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Sign Language Literature
Sign language literature is the literature of the Deaf community. It is conveyed in sign – the language of culturally Deaf people. The idea that a literature can exist in a sign language is consistent with current expanded notions of what constitutes “literature.” Literature is no longer seen as synonymous with the written form. Just as spoken languages without a written can have an oral literature, sign languages can have a sign literature.
Sign language literature foregrounds the visual image and has been described as a “literature of the body” (). It exploits the artistic and imaginative possibilities of a visual-gestural language, allowing the creator of this literature to “play with sign.” ABC stories in ASL are an example of a type of “sign play” in which the handshapes of the fingerspelled alphabet are used to tell a story.
Sign literature is seen as distinct from deaf literature. Deaf literature, as defined on Gallaudet University Library, refers to “works by deaf authors and literary works by deaf or hearing authors, which include deaf characters in short stories, novels, poetry, and plays”. Please visit this Gallaudet University website page for more information on the definition of deaf literature. The series “Tales from Signtown” by Nick Sturley is an example of a written work by a deaf author in which he rewrites the classic fairy tales such as "Red Riding Hood" to give them a deaf perspective. Please visit this Download website page for the story of "Red Riding Hood". "The Sound of all Things" is an example of a story written by a hearing author Myron Uhlberg in which he tells the experiences of hearing child with Deaf parents. Please visit this Pajka Blogspot website page to find a blog on "The Sound of all Things".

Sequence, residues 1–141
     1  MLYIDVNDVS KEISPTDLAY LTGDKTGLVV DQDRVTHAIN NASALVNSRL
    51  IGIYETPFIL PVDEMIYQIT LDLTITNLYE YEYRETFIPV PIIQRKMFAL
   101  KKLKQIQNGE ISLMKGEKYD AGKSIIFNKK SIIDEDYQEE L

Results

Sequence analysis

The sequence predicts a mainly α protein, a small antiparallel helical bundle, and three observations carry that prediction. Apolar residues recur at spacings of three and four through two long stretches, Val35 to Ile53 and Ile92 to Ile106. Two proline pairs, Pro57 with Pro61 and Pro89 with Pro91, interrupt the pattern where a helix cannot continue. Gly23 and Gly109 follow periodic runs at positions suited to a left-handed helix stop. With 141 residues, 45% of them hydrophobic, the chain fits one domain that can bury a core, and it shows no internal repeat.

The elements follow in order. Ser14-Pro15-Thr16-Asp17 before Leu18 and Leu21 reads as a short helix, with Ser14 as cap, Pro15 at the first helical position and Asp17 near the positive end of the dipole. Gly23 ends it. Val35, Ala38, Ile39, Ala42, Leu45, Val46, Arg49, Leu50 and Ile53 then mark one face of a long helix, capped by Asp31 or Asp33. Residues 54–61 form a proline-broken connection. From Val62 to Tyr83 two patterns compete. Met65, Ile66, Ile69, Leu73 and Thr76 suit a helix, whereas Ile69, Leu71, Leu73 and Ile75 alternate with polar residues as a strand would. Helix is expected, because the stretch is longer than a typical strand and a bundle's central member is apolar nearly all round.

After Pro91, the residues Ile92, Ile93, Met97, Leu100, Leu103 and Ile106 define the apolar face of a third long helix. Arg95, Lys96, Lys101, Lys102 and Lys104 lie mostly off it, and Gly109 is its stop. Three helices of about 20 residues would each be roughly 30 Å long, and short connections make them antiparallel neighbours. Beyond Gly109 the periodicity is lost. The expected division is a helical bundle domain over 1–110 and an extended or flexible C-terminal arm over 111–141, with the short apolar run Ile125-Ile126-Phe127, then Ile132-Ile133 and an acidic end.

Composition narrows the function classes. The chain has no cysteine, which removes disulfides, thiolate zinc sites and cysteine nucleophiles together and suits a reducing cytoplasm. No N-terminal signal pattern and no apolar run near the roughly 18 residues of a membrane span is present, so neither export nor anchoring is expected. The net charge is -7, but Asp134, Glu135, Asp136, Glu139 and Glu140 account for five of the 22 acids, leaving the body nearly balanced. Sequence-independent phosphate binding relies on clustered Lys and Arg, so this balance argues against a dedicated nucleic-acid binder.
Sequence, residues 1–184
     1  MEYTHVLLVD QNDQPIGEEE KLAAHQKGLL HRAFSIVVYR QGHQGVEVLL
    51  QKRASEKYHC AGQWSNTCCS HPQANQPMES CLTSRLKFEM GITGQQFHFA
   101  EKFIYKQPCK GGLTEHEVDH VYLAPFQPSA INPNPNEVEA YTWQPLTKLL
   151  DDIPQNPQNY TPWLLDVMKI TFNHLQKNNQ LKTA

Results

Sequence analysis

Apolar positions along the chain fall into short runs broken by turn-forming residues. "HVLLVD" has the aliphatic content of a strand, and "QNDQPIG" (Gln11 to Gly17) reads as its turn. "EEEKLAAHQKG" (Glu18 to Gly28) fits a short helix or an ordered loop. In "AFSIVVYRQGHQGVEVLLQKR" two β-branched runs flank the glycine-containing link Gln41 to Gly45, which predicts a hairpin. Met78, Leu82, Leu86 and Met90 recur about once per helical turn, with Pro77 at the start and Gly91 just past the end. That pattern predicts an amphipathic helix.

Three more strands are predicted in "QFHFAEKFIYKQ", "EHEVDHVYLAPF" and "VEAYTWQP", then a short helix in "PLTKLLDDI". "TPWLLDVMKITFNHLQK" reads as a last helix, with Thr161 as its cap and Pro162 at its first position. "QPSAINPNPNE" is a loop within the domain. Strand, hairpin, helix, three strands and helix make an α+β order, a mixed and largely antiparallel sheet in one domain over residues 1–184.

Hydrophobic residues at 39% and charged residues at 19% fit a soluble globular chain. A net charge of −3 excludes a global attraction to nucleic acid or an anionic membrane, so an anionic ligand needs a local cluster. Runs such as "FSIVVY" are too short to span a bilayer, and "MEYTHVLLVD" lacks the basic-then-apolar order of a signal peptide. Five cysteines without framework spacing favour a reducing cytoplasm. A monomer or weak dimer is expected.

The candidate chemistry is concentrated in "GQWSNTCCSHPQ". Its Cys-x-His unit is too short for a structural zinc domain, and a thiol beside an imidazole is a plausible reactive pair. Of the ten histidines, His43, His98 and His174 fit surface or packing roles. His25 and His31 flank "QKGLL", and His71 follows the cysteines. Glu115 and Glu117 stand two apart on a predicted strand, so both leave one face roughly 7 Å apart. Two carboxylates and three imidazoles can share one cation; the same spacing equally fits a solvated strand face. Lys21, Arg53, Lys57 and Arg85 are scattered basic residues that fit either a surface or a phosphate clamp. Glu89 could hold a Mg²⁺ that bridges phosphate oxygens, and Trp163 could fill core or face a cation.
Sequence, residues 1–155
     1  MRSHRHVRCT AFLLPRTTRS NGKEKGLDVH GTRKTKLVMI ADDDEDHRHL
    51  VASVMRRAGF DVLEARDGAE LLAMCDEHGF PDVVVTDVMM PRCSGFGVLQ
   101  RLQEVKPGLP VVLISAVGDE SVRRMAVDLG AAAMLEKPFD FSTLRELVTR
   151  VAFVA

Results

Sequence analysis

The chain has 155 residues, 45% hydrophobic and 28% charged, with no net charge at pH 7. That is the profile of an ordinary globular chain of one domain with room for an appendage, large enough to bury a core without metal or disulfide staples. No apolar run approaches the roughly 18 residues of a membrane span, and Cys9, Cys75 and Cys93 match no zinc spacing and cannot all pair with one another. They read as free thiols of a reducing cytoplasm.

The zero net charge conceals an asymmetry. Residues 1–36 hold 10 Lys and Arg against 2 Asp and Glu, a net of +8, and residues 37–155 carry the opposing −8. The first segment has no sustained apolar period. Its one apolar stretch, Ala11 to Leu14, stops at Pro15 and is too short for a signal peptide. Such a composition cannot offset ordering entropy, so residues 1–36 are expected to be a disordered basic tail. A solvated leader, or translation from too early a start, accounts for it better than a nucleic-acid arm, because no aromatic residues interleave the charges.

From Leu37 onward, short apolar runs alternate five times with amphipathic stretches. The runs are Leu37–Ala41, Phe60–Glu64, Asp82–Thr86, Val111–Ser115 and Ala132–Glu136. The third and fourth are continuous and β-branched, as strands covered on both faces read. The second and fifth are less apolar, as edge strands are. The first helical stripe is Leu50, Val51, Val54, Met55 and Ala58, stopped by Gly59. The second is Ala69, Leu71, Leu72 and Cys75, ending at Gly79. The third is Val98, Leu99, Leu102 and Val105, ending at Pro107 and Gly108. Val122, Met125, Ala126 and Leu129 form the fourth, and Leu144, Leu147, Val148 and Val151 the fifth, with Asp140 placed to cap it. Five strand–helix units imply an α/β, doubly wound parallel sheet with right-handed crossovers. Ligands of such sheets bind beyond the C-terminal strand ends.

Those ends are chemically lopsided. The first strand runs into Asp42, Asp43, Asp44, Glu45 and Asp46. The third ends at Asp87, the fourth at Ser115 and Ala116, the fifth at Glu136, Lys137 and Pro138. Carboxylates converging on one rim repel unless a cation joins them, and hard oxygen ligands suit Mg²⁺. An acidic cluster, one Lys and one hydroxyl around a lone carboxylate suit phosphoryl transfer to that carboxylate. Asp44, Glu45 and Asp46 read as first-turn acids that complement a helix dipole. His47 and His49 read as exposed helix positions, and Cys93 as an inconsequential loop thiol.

Sign language literature can be viewed as falling under the category of deaf literature, but “refers specifically to pieces that are performed in sign language and almost always produced by deaf people” (). This includes works such as: signed translations of written works, signed renderings of films, or adaptations of existing texts so that they are told in sign language and include deaf characters and settings. Original sign language literature arises from a deaf worldview, and is created in sign language by culturally Deaf individuals. Please visit this Slope website page for some examples of original ASL poetry, and this University of Bristol website page for an article on BSL poetry and a linguistic approach, and this Auslanstorybooks website page for examples of Australian Sign Language (Auslan) poetry.